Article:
Poll: Religious Groups Think Trump’s Actions Immoral in Hush Money Case, Split on Whether He Broke the Law – Word&Way

(RNS) — A new survey finds that majorities of all major U.S. religious groups believe actions by former President Donald Trump detailed in a recent hush money trial were immoral, but views are more split on whether he broke the law.

Donald Trump signs the cover of a Playboy magazine that featured him on the cover during a campaign event at a Christian college in Pella, Iowa, on Jan. 23, 2016. (Mary Altaffer/Associated Press)

It also remains unclear whether Trump’s new status as a convicted felon has helped or hurt his campaign to retake the White House.

The 19th News/SurveyMonkey poll, which includes religion-related data provided to Religion News Service, was conducted online May 30-31 among a national sample of 5,893 U.S. adults, drawn from more than 2 million people who take surveys on the SurveyMonkey platform daily. (The margin of error overall is plus or minus 1.5 percentage points.)

It polled Americans immediately after Trump was convicted last week on all 34 felony counts of falsifying business records. The case centered on $130,000 in hush money payments meant to silence adult film star Stormy Daniels regarding what she described as a sexual encounter she had with the then-businessman, a scandal that threatened to derail Trump’s 2016 campaign.

Asked about Trump, now the first former president in U.S. history to be a convicted felon, 61% of Protestants — which SurveyMonkey defines broadly, without delineating between mainline Christians and evangelical Christians — said they believe the actions detailed in the trial were morally wrong, with only 35% contending the opposite. The breakdown was similar among Catholics (63% vs. 33%) and members of The Church of Jesus Christ of Latter-day Saints (59% vs. 40%).

Jewish Americans were more likely to say Trump’s actions were immoral (73%), as were atheists and agnostics (88%) and those claiming “nothing in particular” (72%).

But religious groups answered differently when asked their opinion on whether Trump broke the law. Protestants were split, with less than half, 48%, saying his actions were a crime, compared to 49% who said otherwise. Most Catholics (54%) and Jews (66%) said they believed Trump broke the law, as did atheists and agnostics (86%) and those in the “nothing in particular” category (63%).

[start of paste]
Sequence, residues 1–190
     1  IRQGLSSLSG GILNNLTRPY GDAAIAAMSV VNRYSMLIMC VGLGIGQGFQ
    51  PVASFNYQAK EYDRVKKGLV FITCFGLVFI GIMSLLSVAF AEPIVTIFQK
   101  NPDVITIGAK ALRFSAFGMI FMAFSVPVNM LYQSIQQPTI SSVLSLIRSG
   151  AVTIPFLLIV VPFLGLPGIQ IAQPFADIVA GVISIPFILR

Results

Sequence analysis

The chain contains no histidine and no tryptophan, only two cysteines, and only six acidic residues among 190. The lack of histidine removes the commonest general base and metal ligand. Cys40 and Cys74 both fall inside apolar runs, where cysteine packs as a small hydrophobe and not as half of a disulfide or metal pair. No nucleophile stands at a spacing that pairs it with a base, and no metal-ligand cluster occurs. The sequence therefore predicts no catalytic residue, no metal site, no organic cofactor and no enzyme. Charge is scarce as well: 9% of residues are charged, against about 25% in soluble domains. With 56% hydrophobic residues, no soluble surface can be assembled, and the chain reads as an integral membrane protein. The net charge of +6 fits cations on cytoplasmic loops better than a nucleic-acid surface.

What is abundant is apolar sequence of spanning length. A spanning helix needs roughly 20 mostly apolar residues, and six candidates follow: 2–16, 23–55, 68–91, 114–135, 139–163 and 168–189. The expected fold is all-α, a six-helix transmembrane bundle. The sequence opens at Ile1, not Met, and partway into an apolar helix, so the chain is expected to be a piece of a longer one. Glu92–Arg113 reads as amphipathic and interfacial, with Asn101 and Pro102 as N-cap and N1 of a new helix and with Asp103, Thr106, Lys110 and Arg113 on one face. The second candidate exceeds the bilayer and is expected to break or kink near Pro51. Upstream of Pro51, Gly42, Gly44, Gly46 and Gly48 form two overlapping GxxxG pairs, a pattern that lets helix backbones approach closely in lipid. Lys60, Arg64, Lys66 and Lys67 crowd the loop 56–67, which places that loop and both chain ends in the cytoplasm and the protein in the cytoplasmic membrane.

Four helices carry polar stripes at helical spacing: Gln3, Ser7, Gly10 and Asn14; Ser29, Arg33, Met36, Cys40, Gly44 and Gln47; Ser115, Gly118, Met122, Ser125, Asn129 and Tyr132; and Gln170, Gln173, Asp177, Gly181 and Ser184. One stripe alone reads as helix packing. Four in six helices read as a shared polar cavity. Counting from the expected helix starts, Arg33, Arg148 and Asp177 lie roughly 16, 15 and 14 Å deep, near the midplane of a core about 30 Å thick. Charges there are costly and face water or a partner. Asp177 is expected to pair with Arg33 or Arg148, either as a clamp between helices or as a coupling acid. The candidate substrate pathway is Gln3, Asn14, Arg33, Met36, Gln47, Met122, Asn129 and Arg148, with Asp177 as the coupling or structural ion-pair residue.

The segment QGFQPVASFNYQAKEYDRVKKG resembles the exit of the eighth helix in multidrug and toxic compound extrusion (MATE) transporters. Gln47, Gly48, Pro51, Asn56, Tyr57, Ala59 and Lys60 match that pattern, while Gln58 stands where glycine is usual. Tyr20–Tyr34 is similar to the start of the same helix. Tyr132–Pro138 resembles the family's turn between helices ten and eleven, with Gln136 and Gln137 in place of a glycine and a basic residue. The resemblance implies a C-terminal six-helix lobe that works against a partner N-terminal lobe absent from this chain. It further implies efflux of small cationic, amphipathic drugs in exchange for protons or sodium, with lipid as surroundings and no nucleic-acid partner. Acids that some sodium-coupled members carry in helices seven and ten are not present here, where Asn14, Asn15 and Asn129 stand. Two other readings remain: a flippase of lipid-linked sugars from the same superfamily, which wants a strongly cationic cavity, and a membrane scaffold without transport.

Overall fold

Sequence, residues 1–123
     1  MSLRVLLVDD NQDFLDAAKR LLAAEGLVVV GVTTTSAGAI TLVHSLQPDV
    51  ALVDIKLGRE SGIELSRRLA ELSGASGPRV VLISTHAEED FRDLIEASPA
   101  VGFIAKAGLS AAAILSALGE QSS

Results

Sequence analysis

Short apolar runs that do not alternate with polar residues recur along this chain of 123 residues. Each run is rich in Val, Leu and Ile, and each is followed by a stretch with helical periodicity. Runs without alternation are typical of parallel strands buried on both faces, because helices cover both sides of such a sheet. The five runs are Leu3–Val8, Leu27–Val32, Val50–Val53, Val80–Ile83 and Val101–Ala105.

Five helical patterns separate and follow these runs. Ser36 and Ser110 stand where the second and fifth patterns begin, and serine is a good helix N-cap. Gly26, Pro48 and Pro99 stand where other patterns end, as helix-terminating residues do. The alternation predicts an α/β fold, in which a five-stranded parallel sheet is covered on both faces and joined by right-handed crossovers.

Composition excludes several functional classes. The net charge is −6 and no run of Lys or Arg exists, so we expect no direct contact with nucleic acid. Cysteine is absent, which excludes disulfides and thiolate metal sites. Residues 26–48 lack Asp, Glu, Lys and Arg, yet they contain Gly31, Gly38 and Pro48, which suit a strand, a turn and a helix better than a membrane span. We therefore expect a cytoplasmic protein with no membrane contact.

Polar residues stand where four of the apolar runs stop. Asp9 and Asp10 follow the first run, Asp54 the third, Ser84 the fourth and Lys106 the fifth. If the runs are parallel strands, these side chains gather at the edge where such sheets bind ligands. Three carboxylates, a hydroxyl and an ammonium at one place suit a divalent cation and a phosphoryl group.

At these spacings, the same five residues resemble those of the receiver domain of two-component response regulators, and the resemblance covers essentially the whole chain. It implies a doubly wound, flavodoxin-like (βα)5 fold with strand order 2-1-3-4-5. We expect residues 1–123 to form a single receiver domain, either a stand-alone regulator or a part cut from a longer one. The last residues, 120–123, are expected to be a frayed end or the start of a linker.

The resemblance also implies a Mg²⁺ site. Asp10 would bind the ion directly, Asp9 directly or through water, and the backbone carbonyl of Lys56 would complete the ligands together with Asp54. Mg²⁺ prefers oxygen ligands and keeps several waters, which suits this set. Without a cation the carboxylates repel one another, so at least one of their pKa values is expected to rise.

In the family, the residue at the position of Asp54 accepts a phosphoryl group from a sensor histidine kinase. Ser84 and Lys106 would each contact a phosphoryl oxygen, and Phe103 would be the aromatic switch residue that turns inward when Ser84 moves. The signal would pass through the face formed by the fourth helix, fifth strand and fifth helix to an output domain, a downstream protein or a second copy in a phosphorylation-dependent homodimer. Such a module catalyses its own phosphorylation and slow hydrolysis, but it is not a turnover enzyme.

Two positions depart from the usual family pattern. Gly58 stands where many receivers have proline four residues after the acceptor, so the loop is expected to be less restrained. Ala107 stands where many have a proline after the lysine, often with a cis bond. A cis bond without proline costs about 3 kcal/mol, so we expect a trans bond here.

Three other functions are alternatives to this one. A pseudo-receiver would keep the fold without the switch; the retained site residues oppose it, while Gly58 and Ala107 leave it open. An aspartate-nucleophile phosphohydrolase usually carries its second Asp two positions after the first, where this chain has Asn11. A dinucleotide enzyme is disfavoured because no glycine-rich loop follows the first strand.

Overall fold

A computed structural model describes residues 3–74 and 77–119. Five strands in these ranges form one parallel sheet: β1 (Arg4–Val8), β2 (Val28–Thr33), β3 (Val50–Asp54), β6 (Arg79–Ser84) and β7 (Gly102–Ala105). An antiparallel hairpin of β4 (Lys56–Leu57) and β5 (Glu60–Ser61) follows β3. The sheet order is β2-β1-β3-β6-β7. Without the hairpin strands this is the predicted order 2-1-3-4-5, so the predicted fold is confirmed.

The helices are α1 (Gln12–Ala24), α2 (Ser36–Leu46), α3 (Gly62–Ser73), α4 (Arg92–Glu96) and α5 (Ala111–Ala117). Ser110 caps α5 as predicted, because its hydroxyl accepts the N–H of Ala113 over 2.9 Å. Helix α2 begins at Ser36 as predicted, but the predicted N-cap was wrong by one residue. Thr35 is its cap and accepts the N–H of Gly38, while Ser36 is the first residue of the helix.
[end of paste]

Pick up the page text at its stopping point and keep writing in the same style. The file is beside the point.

Meanwhile, most (57%) members of The Church of Jesus Christ of Latter-day Saints said they did not believe Trump committed a crime, with only 39% agreeing with jurors that he broke the law.

As to whether the outcome of the trial shifted any votes among religious groups, the poll is less clear. Taken together, the results show that most religious groups were not swayed to vote differently as a result of the trial. Shifts among Protestants and Catholics to and from support for Trump or President Joe Biden all fell within the poll’s margin of error.

There were some small exceptions: 5% of Jewish voters, a group that historically has voted for Democrats by large margins, shifted toward Trump, while 4% of those classified as “other” religions shifted away from him.

The most visible shift was among members of The Church of Jesus Christ of Latter-day Saints: 13% were convinced by Trump’s conviction to change their vote not to either major candidate but to an undetermined “other change” that would include undecided voters, those who do not intend to vote and those who plan to choose a third-party candidate.

Trump has long been bolstered by ironclad support from White evangelical Christians in particular, who backed him by large percentages in both 2016 and 2020. Any weakening of his support within that group may trigger a robust response from his campaign. But White evangelicals have also long been unmoved by his various scandals and are often his greatest defenders during times of trouble: When Trump triggered backlash in 2017 after blaming “both sides” for deadly racist violence that erupted in Charlottesville, Virginia, then-Liberty University President Jerry Falwell Jr. praised the president’s rhetoric as “bold” and “truthful.”

Biden, meanwhile, has already begun referring to Trump as a “convicted felon” in speeches and recently told Democratic donors that his predecessor “snapped” after losing the 2020 presidential election.

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